Thursday, September 16, 2010

Vidduy, the mitzva of Yom Kippur


8th of Tishri, 5771

At the individual level, the most prayer of Yom Kippur's prayer is the Viduy. Viduy literally means 'confession'.

The Viduy is the description of the sins and transgressions we might have committed and for which we express regret and decide to keep away from.

In the Viduy we clearly say and 'recite' our transgressions, in the same way that one who is addicted to alcohol has to articulate and say (not think!) "I'm an alcoholic" as one of the firsts step toward his cure.

Only when we are able to articulate and utter our sins, it is considered that we have finally admitted them, and the Almighty, then, accepts our apologies and forgive us.

The Viduy also helps us identify wrongdoings that we might have forgotten or we might have unconsciously suppressed.

Unlike other Tefilot, it is absolutely imperative to understand exactly what we are saying in the Viduy. Or else, regret and contrition for our transgressions will not take place. Therefore, it is not only permitted but almost mandatory to say the Viduy in English if one does not understands Hebrew.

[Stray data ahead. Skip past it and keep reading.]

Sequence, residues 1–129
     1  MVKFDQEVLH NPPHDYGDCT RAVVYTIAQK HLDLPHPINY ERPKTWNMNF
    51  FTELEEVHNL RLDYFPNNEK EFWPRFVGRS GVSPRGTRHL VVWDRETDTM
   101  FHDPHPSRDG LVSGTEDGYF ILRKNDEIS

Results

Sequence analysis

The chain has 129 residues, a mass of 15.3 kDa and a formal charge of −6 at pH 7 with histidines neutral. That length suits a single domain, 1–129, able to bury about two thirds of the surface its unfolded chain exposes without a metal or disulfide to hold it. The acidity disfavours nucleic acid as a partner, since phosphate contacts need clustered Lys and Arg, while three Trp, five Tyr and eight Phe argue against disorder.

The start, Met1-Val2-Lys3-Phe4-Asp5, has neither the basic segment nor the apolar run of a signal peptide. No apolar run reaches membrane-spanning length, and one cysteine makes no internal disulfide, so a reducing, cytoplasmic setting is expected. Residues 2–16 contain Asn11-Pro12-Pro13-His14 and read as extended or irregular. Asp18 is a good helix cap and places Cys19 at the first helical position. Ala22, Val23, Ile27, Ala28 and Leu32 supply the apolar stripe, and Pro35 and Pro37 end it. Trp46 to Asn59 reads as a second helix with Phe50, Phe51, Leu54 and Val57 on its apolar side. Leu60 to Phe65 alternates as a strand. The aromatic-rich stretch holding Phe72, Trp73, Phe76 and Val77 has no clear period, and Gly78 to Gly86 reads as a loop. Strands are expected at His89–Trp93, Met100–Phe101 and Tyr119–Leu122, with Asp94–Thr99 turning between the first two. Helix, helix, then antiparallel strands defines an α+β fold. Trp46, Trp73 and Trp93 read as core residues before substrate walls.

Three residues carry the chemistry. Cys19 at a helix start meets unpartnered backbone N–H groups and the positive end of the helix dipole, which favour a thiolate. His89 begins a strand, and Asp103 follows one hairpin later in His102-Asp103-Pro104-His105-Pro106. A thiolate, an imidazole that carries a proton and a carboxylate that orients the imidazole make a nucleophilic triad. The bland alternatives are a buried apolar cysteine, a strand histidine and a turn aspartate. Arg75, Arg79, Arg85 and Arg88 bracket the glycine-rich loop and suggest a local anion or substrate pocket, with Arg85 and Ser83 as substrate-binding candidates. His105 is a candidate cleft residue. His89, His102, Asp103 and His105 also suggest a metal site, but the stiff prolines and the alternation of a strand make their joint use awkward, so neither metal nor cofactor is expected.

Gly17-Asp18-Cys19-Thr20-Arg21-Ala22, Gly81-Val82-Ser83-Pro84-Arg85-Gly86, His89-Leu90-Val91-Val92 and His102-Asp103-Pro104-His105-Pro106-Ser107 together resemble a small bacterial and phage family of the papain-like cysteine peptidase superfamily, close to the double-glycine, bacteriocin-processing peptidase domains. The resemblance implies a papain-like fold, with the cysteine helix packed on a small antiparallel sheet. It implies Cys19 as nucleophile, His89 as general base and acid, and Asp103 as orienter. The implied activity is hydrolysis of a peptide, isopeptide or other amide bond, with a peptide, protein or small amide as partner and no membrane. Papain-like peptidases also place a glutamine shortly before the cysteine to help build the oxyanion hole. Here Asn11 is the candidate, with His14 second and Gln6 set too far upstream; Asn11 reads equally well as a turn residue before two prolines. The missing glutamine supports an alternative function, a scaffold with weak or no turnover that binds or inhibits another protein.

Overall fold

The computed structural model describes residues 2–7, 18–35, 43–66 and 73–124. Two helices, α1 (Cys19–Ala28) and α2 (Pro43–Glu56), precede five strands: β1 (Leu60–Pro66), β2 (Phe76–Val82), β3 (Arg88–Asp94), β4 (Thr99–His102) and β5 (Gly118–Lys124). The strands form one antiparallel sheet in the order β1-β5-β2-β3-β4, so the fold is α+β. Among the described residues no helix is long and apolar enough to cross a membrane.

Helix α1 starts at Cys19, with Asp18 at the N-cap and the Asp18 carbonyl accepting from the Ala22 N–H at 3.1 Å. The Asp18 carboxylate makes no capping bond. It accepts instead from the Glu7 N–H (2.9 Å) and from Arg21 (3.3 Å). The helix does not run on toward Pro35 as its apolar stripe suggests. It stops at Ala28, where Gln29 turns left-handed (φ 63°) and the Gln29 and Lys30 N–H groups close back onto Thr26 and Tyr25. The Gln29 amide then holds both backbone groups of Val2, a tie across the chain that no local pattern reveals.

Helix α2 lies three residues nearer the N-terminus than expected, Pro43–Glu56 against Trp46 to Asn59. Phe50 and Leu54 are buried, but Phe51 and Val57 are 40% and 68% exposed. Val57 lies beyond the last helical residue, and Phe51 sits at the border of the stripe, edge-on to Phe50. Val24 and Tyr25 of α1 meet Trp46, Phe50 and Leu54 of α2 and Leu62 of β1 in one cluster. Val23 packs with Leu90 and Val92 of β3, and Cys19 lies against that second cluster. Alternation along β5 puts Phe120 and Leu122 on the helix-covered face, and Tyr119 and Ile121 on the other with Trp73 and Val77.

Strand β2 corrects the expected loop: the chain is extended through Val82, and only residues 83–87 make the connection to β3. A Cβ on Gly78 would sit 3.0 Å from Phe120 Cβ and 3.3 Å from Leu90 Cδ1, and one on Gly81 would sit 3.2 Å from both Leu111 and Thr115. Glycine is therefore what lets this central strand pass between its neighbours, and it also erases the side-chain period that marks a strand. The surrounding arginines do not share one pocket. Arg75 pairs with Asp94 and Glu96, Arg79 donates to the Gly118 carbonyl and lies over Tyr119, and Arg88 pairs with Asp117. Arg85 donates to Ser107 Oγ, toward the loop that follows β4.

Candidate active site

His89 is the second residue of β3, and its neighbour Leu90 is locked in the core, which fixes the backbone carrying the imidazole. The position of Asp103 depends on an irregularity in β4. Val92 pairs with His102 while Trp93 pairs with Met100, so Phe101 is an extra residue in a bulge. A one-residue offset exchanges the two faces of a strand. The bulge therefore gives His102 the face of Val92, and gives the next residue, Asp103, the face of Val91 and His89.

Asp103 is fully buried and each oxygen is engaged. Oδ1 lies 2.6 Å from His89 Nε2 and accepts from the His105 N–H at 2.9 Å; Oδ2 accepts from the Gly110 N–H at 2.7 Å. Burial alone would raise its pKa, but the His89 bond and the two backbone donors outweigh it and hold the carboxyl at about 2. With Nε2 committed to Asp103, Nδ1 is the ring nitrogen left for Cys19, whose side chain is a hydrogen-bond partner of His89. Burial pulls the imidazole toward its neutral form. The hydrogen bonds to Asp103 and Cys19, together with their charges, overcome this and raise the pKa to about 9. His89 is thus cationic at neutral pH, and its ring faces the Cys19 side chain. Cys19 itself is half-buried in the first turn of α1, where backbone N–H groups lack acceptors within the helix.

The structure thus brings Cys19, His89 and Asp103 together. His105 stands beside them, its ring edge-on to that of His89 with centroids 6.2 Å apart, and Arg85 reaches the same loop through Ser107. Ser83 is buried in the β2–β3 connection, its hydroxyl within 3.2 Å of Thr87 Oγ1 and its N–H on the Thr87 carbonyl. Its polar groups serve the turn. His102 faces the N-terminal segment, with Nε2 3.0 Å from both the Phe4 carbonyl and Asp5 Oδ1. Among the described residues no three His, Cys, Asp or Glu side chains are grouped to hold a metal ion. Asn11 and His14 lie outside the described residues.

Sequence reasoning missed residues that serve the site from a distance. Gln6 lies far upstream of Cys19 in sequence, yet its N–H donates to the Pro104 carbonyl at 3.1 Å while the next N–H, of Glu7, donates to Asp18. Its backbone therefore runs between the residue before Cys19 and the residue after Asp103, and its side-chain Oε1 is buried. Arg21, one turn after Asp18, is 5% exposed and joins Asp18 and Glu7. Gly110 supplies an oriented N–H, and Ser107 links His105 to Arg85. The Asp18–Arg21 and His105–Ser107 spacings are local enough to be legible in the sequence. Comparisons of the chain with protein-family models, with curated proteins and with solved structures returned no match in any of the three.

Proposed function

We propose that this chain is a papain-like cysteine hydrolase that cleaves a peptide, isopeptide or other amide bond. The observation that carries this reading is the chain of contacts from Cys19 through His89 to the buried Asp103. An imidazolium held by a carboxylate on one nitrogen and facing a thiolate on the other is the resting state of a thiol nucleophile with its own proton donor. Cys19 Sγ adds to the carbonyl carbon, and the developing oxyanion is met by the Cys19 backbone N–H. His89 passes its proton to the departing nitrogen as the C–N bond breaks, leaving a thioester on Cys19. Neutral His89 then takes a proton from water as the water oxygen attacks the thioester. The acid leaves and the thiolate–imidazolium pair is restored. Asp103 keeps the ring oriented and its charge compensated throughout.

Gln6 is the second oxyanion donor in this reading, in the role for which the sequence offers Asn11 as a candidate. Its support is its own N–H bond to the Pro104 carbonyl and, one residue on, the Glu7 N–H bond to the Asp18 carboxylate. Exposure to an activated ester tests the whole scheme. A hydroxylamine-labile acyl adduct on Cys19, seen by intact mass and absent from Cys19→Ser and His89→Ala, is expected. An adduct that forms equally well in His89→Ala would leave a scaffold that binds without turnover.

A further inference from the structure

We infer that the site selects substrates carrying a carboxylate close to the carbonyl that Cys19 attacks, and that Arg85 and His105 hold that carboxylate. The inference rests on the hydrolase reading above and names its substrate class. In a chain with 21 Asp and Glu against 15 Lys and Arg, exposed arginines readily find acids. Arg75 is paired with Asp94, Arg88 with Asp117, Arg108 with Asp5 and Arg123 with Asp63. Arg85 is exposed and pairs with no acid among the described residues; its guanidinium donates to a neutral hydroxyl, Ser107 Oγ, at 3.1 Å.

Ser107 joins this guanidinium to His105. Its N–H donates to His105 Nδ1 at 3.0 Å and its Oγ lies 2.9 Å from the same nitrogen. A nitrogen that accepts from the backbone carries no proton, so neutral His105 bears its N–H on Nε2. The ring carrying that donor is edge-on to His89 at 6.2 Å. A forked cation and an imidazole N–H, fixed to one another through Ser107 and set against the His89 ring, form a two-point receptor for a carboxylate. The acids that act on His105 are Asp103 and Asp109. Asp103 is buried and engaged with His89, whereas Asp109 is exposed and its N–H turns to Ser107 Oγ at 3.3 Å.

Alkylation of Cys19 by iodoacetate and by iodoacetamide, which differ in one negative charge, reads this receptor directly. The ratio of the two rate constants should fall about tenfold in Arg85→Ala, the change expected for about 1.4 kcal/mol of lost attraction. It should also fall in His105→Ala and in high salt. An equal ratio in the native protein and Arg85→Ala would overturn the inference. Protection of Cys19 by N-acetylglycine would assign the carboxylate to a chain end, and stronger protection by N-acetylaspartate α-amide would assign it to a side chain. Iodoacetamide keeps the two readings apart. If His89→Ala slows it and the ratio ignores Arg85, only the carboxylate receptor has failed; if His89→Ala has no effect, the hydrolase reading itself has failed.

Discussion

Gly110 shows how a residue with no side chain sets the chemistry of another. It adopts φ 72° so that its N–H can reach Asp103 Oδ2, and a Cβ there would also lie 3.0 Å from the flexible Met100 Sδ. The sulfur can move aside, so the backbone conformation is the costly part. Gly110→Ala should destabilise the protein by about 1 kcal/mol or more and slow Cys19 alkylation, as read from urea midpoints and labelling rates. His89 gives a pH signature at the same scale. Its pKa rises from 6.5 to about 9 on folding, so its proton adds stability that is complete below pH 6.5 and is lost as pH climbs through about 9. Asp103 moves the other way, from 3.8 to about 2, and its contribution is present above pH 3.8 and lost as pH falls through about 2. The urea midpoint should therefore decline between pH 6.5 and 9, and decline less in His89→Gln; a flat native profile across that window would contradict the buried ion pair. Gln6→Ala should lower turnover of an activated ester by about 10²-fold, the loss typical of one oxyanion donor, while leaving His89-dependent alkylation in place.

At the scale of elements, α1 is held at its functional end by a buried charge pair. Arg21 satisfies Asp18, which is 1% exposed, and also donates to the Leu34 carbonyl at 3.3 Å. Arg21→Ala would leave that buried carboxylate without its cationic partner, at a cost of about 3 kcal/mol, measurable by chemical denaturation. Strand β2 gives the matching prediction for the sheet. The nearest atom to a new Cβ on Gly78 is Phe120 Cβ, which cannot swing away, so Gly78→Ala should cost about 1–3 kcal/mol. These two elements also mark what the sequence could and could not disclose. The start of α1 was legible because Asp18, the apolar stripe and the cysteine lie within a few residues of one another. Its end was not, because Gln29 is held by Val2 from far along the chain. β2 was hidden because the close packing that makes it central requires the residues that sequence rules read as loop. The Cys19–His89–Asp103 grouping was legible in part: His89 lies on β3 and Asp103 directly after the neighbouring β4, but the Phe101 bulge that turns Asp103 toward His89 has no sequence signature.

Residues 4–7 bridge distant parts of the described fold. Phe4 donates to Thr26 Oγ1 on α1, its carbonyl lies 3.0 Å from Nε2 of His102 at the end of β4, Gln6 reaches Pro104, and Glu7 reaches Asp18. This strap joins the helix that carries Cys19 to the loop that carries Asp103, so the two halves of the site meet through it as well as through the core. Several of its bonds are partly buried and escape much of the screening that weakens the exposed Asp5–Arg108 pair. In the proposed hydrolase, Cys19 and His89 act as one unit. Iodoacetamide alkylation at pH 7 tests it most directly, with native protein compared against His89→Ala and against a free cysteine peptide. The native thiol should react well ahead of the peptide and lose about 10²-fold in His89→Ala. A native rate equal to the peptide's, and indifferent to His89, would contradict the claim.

We say the Viduy several times on Yom Kippur and we say it in plural, confessing, many times, transgressions that we clearly know we have not committed. This teaches us that our moral responsibilities go beyond our personal realms - when we see a friend acting wrongly we are commanded by the Torah to privately and politely rebuke him or her, and when we don't, it is considered as if we share their wrongdoings.

The Viduy is written in Hebrew, in alphabetical order.

In the following text - a short version of a Viduy- I present a non literal translation of the Viduy, which will hopefully help us to understand the meaning and ideas of the Viduy.

This text could be used in Yom Kippur alongside the other Viduyim, especially by those who don't have an English Machazor.

May we all be inscribed in the book of forgiveness.

May we all be sealed in the book of life and good health, blessing and success.

Rabbi Yosef Bitton